What is speculative execution in computer architecture?

A processor extends to execute instructions speculatively until the condition is resolved. The time interval between the beginning of the conditional execution and the resolution of the equivalent condition can change significantly. The condition is resolved the immediately following cycle.

This appears when the specified condition defines the result of a simple operation, including integer addition, subtraction, or logical operation. In the case of long operations, including FX or FP division, multiple cycles will pass earlier the condition can be resolved.

The superscalar processor can issue several instructions in each cycle. Thus, during speculative execution scores of instructions are executed before the specified condition becomes evaluable.

There are two main aspects such as the level and the degree of speculativeness as shown in the figure. By the level of speculativeness, it can understand the multiple conditional branches that can be executed speculatively in sequence. It is beneficial for performance if a second, third, and so on, the unresolved conditional branch does not terminate speculative execution. This requirement is even more compulsory for a superscalar processor adequate to issuing multiple instructions per cycle.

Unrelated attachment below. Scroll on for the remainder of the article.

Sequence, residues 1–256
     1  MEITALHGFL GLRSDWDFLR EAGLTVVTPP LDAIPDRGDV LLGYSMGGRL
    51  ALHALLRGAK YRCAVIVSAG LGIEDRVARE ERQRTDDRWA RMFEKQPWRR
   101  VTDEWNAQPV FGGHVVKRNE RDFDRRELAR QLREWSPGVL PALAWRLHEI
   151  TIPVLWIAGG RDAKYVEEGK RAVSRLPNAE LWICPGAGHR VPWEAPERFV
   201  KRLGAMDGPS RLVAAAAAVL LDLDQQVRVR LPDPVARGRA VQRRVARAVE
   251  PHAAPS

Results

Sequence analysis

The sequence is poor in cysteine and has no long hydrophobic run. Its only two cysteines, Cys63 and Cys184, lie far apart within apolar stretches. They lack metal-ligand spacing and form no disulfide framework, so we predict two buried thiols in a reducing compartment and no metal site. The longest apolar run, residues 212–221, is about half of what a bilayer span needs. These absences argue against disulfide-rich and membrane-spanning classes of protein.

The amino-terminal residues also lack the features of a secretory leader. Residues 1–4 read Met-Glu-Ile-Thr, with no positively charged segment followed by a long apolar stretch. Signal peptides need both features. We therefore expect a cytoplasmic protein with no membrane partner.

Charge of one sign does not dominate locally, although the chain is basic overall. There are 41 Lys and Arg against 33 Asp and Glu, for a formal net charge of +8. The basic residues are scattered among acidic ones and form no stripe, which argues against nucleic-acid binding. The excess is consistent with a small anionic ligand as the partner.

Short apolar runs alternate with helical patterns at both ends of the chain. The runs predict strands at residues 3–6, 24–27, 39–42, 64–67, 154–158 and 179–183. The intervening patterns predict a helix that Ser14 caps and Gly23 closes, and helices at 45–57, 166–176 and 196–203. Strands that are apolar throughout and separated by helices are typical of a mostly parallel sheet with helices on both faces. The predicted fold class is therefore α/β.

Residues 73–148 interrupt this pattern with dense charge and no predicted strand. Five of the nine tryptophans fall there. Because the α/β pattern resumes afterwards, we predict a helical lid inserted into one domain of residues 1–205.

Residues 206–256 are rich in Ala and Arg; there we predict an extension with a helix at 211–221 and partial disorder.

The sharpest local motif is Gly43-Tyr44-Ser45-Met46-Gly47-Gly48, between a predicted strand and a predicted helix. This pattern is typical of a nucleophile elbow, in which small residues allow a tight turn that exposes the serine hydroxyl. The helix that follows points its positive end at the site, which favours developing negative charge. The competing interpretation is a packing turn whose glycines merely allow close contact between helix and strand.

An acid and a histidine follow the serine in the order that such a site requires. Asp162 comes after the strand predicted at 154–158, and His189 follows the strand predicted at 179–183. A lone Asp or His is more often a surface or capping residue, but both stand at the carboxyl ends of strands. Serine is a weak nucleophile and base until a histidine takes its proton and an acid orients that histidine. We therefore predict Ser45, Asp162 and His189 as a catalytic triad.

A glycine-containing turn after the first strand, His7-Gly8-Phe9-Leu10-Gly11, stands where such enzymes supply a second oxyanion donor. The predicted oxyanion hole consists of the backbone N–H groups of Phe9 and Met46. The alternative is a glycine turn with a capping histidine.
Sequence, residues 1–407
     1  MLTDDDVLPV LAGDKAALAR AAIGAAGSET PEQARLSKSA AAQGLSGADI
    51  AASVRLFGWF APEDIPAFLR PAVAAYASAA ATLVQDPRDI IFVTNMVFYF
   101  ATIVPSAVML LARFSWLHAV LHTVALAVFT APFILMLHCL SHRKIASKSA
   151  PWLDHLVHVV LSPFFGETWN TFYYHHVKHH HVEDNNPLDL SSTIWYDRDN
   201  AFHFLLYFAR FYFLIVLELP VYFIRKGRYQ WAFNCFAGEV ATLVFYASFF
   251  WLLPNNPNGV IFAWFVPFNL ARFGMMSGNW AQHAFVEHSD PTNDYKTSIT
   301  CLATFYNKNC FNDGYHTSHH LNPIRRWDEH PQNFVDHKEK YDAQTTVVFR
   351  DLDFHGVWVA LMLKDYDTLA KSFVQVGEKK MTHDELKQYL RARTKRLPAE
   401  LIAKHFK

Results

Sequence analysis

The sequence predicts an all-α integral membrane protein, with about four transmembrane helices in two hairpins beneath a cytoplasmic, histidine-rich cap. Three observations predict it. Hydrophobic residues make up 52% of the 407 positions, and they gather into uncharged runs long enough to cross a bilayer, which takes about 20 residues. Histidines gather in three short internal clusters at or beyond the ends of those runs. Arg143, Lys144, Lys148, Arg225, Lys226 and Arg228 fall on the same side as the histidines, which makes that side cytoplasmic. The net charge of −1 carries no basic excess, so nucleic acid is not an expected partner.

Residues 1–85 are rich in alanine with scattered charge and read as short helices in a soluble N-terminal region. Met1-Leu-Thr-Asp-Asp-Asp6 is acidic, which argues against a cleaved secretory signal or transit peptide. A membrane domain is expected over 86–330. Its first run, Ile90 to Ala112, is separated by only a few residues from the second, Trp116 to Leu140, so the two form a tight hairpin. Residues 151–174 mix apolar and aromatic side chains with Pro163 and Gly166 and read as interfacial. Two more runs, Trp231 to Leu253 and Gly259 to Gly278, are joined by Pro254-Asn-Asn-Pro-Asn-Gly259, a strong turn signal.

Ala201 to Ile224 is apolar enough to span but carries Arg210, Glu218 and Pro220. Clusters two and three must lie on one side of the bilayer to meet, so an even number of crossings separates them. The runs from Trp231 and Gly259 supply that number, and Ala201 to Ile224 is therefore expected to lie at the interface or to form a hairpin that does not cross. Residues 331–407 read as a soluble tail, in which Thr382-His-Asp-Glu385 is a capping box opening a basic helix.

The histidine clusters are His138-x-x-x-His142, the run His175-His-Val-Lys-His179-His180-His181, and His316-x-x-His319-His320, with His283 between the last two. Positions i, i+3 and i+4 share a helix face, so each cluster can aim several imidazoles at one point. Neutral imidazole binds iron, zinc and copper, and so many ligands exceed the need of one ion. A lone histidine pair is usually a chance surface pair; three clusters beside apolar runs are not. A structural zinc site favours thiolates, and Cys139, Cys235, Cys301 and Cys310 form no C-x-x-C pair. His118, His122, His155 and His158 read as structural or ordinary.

The Power2 allows two, the PowerPC 620 and R10000 four and the α 21164 as many as six pending conditional branches. The processors that allow only one pending conditional branch resemble a basic block scheduler, which schedules instruction for parallel execution up to the end of the current basic block, while processors that permit multiple pending conditional branches are similar to global schedulers, going beyond basic block boundaries.

The second method is the degree of speculativeness. This concept associates with how far instructions, other than unresolved conditional branches, are implemented following a guessed conditional branch. Here, processors pursue different schemes as shown in the figure. In the simplest case, speculative execution goes no further than fetching some instructions belonging to the predicated path, such as the Power1.

A higher degree of speculativeness is found when instruction along the predicated path is fetched and decoded, or fetched, decoded, and dispatched as in the PowerPC 601. Processors with even a high degree of speculativeness fetch, decode, dispatch, and execute instructions after a pending conditional branch, although without completing them, as in the MC 88110 or PowerPC 603.

For instance, the MC 88110 allows instructions to be executed speculatively and provides a mechanism to undo them in the case of a misprediction. This mechanism aims at retaining sequential consistency for out-of-order execution. It is based on a history buffer and can undo two instructions per cycle.